The company says it’s not publishing the “absolute number of visits” as a privacy step, adding: “To protect people’s privacy, no personally identifiable information, like an individual’s location, contacts or movement, is made available at any point.”
Google’s location mobility report for Italy, which remains the European country hardest hit by the virus, illustrates the extent of the change from lockdown measures applied to the population — with retail & recreation dropping 94% vs Google’s baseline; grocery & pharmacy down 85%; and a 90% drop in trips to parks and beaches.
The same report shows an 87% drop in activity at transit stations; a 63% drop in activity at workplaces; and an increase of almost a quarter (24%) of activity in residential locations — as many Italians stay at home, instead of commuting to work.
It’s a similar story in Spain — another country hard-hit by COVID-19. Though Google’s data for France suggests instructions to stay-at-home may not be being quite as keenly observed by its users there, with only an 18% increase in activity at residential locations and a 56% drop in activity at workplaces. Perhaps because the pandemic has so far had a less severe impact on France, although numbers of confirmed cases and deaths continue to rise across the region.
While policymakers have been scrambling for data and tools to inform their responses to COVID-19, privacy experts and civil liberties campaigners have rushed to voice concerns about the impacts of such data-fuelled efforts on individual rights, while also querying the wider utility of some of this tracking.
And yes, the disclaimer is very broad. I'd say, this is largely a PR move.
Apart from this, Google must be held accountable for its many other secondary data uses. And Google/Alphabet is far too powerful, which must be addressed at several levels, soon. https://t.co/oksJgQAPAY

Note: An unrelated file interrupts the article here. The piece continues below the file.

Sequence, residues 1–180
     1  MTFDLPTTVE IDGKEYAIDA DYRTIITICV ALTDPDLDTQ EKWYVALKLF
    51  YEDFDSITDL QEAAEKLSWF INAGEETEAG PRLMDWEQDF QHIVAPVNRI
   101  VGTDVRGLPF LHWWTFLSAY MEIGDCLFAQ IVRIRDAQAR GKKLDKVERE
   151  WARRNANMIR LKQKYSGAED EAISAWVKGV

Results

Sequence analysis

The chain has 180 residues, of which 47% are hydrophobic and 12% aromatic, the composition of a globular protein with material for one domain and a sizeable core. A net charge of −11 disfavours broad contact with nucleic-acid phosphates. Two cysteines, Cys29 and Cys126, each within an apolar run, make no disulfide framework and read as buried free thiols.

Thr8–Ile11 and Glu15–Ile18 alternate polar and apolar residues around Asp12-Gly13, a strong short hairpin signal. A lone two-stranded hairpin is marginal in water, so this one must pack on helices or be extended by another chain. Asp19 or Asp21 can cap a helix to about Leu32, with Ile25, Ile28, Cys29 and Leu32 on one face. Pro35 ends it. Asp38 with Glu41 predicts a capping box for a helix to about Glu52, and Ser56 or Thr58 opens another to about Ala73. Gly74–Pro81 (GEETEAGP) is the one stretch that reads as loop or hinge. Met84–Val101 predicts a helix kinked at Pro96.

— Wolfie Christl (@WolfieChristl) April 3, 2020
Contacts tracing is another area where apps are fast being touted as a potential solution to get the West out of economically crushing population lockdowns — opening up the possibility of people’s mobile devices becoming a tool to enforce lockdowns, as has happened in China.
“Large-scale collection of personal data can quickly lead to mass surveillance,” is the succinct warning of a trio of academics from London’s Imperial College’s Computational Privacy Group, who have compiled their privacy concerns vis-a-vis COVID-19 contacts tracing apps into a set of eight questions app developers should be asking.
Discussing Google’s release of mobile location data for a COVID-19 cause, the head of the group, Yves-Alexandre de Montjoye, gave a general thumbs up to the steps it’s taken to shrink privacy risks.
Although he also called for Google to provide more detail about the technical processes it’s using in order that external researchers can better assess the robustness of the claimed privacy protections. Such scrutiny is of pressing importance with so much coronavirus-related data grabbing going on right now, he argues.